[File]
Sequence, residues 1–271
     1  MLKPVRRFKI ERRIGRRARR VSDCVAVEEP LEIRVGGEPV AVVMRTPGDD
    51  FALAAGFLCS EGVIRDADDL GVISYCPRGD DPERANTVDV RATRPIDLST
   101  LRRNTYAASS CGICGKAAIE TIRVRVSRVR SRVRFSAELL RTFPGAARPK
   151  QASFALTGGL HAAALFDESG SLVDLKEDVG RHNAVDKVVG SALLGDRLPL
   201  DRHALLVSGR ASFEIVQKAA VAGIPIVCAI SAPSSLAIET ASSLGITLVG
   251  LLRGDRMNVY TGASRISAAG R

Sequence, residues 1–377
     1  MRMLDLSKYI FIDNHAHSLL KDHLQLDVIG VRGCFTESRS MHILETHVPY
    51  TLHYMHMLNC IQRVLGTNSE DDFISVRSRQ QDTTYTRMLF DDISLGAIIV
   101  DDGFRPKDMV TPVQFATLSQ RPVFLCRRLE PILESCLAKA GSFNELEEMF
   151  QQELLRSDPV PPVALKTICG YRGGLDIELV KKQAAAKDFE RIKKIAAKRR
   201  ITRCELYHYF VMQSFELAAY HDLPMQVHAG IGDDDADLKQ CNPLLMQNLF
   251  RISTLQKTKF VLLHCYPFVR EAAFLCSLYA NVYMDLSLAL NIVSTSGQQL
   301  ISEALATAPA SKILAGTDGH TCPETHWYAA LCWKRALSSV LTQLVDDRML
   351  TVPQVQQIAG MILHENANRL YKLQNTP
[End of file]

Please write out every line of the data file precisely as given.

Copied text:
Sequence, residues 1–271
     1  MLKPVRRFKI ERRIGRRARR VSDCVAVEEP LEIRVGGEPV AVVMRTPGDD
    51  FALAAGFLCS EGVIRDADDL GVISYCPRGD DPERANTVDV RATRPIDLST
   101  LRRNTYAASS CGICGKAAIE TIRVRVSRVR SRVRFSAELL RTFPGAARPK
   151  QASFALTGGL HAAALFDESG SLVDLKEDVG RHNAVDKVVG SALLGDRLPL
   201  DRHALLVSGR ASFEIVQKAA VAGIPIVCAI SAPSSLAIET ASSLGITLVG
   251  LLRGDRMNVY TGASRISAAG R

Sequence, residues 1–377
     1  MRMLDLSKYI FIDNHAHSLL KDHLQLDVIG VRGCFTESRS MHILETHVPY
    51  TLHYMHMLNC IQRVLGTNSE DDFISVRSRQ QDTTYTRMLF DDISLGAIIV
   101  DDGFRPKDMV TPVQFATLSQ RPVFLCRRLE PILESCLAKA GSFNELEEMF
   151  QQELLRSDPV PPVALKTICG YRGGLDIELV KKQAAAKDFE RIKKIAAKRR
   201  ITRCELYHYF VMQSFELAAY HDLPMQVHAG IGDDDADLKQ CNPLLMQNLF
   251  RISTLQKTKF VLLHCYPFVR EAAFLCSLYA NVYMDLSLAL NIVSTSGQQL
   301  ISEALATAPA SKILAGTDGH TCPETHWYAA LCWKRALSSV LTQLVDDRML
   351  TVPQVQQIAG MILHENANRL YKLQNTP